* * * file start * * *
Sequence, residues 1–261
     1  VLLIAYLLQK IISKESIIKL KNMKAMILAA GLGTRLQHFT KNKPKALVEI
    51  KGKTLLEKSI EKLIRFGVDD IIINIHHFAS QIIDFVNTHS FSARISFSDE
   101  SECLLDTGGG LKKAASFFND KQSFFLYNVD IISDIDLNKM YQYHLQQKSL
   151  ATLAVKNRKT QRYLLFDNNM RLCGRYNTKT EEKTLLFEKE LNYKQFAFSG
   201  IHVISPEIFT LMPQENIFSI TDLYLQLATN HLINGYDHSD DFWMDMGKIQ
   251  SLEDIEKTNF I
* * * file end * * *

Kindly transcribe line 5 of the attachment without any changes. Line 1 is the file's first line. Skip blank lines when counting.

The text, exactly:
   151  ATLAVKNRKT QRYLLFDNNM RLCGRYNTKT EEKTLLFEKE LNYKQFAFSG